In short…

Love is an action. Like is a feeling.

Even though Sarah’s goal was to like herself more, it wasn’t a helpful thing to work on (or even discuss beyond a certain point) because she didn’t have any direct control over it. There’s no Like Yourself More dial you can adjust on the back of your head!

Like any kind of emotion or feeling, it only comes about indirectly as a result of what you do and think on a regular basis. Hence my suggestion to work on loving herself more.

However you happen to be feeling, you can always act in a way that is loving toward yourself…

  • You can make a little time for some self-care.
  • You can be compassionate with yourself after a mistake rather than overly critical and judgmental.
  • You can follow through on a promise you made to yourself—like going to the gym or hanging out with an old friend.
  • You could take a moment and do a little self-gratitude reflection.
  • You could validate a difficult emotion you’re struggling with instead of beating yourself up about it.
  • You could speak up assertively about something during a meeting.

Notice how there’s nothing especially complicated about any of these…

Self-love isn’t some kind of overly-complex new age concept you need an expert to train you in. You already know how to be loving because you do it every day with other people—your kids, your spouse, your friends, your family, even complete strangers like the homeless woman at the intersection.

Practicing self-love just means doing those same acts of love for yourself that you would do for someone else.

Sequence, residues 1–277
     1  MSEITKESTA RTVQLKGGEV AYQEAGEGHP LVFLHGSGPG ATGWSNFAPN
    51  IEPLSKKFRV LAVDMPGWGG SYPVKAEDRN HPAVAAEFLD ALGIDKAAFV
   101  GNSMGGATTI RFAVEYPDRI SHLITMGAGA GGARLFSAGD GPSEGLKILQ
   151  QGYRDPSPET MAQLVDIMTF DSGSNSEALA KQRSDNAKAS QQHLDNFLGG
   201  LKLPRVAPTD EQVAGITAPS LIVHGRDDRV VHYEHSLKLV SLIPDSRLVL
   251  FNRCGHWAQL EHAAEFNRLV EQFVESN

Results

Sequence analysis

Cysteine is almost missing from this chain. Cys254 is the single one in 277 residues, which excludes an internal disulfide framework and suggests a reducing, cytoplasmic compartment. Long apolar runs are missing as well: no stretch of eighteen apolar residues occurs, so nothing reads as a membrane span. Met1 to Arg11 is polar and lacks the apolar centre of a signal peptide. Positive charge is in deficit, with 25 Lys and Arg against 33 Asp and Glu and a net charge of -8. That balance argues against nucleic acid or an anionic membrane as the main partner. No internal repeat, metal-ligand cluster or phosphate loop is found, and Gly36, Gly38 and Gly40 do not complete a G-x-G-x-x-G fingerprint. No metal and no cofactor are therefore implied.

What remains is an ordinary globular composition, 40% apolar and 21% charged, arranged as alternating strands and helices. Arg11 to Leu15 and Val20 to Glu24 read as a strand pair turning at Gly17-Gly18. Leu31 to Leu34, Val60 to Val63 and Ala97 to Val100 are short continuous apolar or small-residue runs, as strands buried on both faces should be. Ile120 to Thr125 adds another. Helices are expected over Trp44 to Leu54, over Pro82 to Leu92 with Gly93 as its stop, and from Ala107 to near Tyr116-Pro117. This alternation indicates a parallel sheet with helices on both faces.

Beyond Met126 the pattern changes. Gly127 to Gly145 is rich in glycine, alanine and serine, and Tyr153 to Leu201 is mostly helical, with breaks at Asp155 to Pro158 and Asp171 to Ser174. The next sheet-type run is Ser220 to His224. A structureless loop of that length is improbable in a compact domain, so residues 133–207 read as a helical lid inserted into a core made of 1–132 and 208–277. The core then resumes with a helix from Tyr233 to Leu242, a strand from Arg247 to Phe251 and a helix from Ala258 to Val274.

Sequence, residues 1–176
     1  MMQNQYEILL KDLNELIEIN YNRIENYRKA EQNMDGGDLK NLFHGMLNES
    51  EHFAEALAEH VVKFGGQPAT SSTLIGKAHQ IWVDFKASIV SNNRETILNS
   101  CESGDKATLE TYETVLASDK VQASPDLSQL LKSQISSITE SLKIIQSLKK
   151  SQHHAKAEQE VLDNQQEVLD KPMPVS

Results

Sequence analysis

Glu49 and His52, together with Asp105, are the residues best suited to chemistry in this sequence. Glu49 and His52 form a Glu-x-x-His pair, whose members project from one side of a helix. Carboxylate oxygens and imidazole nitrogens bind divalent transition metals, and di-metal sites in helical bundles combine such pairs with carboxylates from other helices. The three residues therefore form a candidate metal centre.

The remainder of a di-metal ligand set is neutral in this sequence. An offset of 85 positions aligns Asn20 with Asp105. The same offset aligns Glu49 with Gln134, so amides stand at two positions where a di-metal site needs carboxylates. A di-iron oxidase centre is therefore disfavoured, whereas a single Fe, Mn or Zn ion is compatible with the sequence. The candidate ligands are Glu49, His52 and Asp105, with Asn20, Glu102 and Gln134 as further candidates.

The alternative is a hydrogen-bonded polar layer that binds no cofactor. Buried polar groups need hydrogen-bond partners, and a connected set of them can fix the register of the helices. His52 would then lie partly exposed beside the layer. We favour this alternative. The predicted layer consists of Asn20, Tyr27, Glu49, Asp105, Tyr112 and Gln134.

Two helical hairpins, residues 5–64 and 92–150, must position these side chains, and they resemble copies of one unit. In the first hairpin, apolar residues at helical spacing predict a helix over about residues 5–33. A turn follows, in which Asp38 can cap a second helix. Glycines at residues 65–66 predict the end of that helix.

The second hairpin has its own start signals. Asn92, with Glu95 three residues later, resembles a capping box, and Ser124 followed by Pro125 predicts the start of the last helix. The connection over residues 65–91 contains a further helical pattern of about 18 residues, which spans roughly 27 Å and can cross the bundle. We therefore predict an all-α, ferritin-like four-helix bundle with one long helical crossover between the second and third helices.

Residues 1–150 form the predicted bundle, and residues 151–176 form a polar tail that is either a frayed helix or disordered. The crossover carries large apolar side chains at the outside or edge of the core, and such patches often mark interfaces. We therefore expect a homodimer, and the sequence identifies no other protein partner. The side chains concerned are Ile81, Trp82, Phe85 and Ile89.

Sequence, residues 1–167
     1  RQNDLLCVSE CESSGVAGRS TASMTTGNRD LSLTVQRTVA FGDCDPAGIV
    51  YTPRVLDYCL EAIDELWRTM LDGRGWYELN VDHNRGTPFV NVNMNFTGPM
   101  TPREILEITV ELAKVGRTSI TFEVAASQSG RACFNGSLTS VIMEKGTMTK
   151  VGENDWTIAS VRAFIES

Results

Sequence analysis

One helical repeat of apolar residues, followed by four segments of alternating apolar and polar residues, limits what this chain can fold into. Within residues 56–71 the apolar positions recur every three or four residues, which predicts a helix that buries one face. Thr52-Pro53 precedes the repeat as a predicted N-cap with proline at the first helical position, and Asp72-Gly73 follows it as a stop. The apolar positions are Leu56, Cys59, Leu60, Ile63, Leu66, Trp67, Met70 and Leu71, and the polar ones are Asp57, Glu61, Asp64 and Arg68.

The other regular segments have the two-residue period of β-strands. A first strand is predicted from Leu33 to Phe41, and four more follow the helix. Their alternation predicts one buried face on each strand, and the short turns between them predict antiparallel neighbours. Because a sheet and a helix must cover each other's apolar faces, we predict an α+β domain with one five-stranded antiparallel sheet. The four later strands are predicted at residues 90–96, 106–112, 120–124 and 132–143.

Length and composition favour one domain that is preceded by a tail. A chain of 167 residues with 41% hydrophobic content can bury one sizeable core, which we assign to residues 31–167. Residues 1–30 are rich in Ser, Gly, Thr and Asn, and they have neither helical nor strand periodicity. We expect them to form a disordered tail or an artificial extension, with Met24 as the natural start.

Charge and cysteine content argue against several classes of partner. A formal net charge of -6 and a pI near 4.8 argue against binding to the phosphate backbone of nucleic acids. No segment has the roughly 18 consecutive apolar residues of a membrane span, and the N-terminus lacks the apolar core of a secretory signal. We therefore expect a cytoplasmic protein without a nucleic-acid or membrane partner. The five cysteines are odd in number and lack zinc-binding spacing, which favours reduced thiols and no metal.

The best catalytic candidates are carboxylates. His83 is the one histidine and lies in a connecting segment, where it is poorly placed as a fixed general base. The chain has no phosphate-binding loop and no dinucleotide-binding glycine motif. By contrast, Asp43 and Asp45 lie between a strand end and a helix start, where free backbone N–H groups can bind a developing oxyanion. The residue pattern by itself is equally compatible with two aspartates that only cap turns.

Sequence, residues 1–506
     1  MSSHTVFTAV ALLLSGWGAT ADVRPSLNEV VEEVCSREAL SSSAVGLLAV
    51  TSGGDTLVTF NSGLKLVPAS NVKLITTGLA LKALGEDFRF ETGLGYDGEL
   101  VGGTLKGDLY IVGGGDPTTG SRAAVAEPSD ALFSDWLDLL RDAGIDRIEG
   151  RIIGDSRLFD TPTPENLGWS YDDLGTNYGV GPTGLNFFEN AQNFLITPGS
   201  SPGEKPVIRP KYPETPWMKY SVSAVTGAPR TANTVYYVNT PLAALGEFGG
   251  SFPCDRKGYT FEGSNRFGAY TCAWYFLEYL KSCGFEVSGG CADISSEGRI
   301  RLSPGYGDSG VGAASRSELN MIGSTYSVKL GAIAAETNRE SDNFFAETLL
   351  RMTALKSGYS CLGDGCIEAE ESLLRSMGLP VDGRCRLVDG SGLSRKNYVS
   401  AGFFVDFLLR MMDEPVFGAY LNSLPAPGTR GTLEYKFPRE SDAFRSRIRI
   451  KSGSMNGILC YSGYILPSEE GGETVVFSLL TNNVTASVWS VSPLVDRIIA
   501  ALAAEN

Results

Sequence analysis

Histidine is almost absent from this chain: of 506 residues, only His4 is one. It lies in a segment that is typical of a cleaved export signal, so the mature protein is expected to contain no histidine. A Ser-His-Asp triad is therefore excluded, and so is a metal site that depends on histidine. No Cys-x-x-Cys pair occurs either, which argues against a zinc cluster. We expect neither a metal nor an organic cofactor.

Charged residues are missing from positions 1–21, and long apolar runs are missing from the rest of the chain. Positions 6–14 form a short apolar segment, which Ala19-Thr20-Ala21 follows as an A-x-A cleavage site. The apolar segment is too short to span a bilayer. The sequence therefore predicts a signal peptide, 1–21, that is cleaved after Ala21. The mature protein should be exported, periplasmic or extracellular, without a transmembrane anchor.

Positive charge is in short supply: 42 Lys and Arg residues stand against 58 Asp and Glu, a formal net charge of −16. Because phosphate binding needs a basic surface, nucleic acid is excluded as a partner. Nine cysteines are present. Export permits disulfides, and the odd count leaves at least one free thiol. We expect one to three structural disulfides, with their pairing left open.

I recommended that Sarah start practicing more self-love because it seemed like as good a solution as any to her real question which was how do I like myself more.

Think about it like this:

  • If you get in the habit of being a jerk to yourself—constantly criticizing yourself, comparing yourself to others, devaluing your successes and positives—you wouldn’t be surprised if you started feeling worse about yourself, right?
  • I don’t see why the reverse wouldn’t hold: If you get in the habit of being loving and kind to yourself—being compassionate after mistakes, appreciating your wins and successes, being assertive about what you want—you will probably start feeling better about yourself.

In Sarah’s case, this is pretty much what happened…

  • She agreed to practice a couple very small acts of self-love each day regardless of how she felt about herself.
  • While it was challenging at first—and she definitely wasn’t perfect at it—she mostly stuck with it for a few weeks.
  • When she reported back to me, sure enough, she explained that she was starting to feel a little better about herself—more little feelings of pride, for example, were sneaking into her experience throughout the day.
  • We kept it up and Sarah began increasing both the frequency and intensity of her self-love habit over the next few weeks.
  • And then something really cool happened….
  • Even though we hadn’t even started working on her longer-term goals like sticking with her diet, she told me that she found herself making progress on them almost by accident.

Looking back on Sarah’s story, I think the central feature was her confusion about the relationship between feelings and actions.